Celebrations that Mark the 500th Anniversary of Leonardo Da Vinci’s Death
Museums all across Europe have started making big plans to celebrate the 500th Death Anniversary of the Renaissance Master, Leonardo Da Vinci. While celebrations are wonderful, they tend to create tough competitions for museums to secure exhibition loans. Martin Kemp, the author of Living with Leonardo, says that “there has been a stampede of loan requests for 2019.”
Da Vinci died at the age of 67 on May 2, 1519 in his residence near the royal château of Amboise in the Loire Valley. He had been working for King François I and was buried in the château. His assistant, Melzi, became the principal heir and executor of his estate while the “Mona Lisa” was bequeathed to Salai - an Italian artist and pupil of Da Vinci. Da Vinci was more than just an artist, he was also involved in science, anatomy and architecture. In fact, he continued his work on his scientific studies until his death.
First in line out of the series of exhibitions that will be taking place with Da Vinci’s works in 2019 is the Teylers Museum in Haarlem, Netherlands. Michiel Plomp, the curator of the museum, said that they managed to “kick off” the celebration just by squeezing the end of their show into the anniversary year, which he then explained made securing loans much easier. The museums’ focus for this exhibition will be on Da Vinci’s physiognomic studies and it is to borrow 30 drawings - half from The British Royal Collection and the rest from major institutions in Paris, Budapest and Vienna.
The blockbuster of the 500th Anniversary will be at the Louvre in Paris during the autumn of 2019. Jean-Luc Martinez, the director of the museum, says that “the goal is to gather the greatest number of works by Leonardo”. There are around 15 fully accepted paintings by Da Vinci worldwide and the Louvre owns not only the infamous Mona Lisa but also 4 other paintings. The museum has also fallen into an incredible position recently by being able to borrow the Salvator Mundi, which was bought by a Saudi Arabian Gulf buyer at $450 million, for the Louvre in Abu Dhabi.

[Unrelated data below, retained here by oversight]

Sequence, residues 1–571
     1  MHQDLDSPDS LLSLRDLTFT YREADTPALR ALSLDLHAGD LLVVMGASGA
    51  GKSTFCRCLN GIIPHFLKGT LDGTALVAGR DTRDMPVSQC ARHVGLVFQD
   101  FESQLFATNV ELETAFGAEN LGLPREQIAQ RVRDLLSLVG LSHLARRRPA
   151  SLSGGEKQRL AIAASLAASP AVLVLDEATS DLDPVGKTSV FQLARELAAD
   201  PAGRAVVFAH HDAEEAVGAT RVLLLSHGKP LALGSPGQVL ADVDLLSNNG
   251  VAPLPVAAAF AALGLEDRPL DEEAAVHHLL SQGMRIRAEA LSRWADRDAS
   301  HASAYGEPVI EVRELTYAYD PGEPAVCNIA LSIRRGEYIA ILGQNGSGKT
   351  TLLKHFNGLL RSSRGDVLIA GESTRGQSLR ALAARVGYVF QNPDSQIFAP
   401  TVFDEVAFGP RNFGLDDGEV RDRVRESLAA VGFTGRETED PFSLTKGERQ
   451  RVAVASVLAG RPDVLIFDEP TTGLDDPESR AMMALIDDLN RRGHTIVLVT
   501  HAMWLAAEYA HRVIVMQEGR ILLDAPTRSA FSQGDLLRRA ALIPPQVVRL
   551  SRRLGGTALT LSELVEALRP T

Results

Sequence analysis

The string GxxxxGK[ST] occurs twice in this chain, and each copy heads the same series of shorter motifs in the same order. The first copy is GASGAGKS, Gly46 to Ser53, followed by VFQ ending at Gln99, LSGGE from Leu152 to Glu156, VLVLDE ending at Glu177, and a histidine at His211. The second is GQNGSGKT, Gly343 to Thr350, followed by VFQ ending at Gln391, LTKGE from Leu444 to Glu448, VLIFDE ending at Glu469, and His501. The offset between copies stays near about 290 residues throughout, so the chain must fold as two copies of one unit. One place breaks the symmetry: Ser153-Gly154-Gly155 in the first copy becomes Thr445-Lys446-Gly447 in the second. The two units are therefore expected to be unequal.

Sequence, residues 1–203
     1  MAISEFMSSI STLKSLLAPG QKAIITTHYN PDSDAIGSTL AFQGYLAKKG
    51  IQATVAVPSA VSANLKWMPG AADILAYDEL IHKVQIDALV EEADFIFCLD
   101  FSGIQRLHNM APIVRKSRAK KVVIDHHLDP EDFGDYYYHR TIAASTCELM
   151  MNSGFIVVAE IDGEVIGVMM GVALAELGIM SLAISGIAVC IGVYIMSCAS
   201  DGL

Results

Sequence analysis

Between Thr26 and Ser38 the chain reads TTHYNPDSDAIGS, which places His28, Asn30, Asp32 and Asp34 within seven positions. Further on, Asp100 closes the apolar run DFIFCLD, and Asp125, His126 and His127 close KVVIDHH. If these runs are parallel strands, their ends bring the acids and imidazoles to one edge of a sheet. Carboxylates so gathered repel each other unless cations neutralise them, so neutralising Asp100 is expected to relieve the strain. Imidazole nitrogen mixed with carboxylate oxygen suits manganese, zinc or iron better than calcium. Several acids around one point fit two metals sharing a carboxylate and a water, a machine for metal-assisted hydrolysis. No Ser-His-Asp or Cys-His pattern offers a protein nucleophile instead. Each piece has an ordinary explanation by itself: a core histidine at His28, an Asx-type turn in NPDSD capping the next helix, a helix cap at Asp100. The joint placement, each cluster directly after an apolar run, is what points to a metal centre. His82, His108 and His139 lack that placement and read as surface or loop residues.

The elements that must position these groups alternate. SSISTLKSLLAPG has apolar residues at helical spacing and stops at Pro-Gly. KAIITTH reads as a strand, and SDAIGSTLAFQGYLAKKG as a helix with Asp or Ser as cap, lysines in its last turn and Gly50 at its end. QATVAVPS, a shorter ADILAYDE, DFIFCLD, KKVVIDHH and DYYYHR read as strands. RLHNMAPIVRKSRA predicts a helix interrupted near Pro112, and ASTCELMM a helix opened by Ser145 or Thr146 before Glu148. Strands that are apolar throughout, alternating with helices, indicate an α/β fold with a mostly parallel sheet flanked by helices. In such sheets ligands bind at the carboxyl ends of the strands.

The other major celebrations includes a mind-blowing 500-plus drawings by Da Vinci owned by The British Royal Collection. The highlights of this collection, Leonardo Da Vinci: A Life In Drawing, are to be presented at the Queen’s Gallery at the Buckingham Palace and at the Palace of Holyroodhouse in Edinburgh. Martin Clayton, a drawings specialist, will be organising these shows. This celebration is described as “the largest exhibition of Leonardo's works in over 65 years” and will be taking place in November, 2019.
It is incredible to observe the different themes and storylines that various institutions have decided to adopt for the 500th anniversary of Da Vinci’s death. However, as Martin Clayton, said “None of Leonardo’s scientific work was ever published and, of his artistic work, only about 20 paintings survive today. But the common link to all his work was drawing.” - which is the most common form of Da Vinci’s work that institutions are displaying in 2019.
This is why Vastari encourages institutions to indulge in the exhibition, The World of Leonardo Da Vinci, which is by far the biggest and most complete touring exhibition about him. While most of the other Da Vinci exhibitions present copies of machines previously seen, The World of Leonardo Da Vinci is the only one that presents accurate and never before seen reconstructions of Leonardo’s Machines such as the Great Kite or the fully playable Harpsichord-Viola, as well as new discoveries, state-of-the-art restorations and fully interactive codices of Leonardo, digitized from the originals.
Leonardo Da Vinci. The Man behind the Myth is another one to consider. The ambitious objective of this exhibition is to introduce visitors to Leonardo, the man, in multiple dimensions. It allows the visitors to explore his extraordinary intellectual abilities, his incredible creativity, but also to reveal his weaknesses and to recount not only the incredible successes and the imponderable intuition, but also the fears, the defeats and the conflicts with other protagonists of his era that he encountered over the long span of his life.
Not only do these exhibitions take a more ambitious route by bringing Da Vinci’s drawings to life, they also shed light on the different approaches and layers that lies in the works of the Renaissance Master.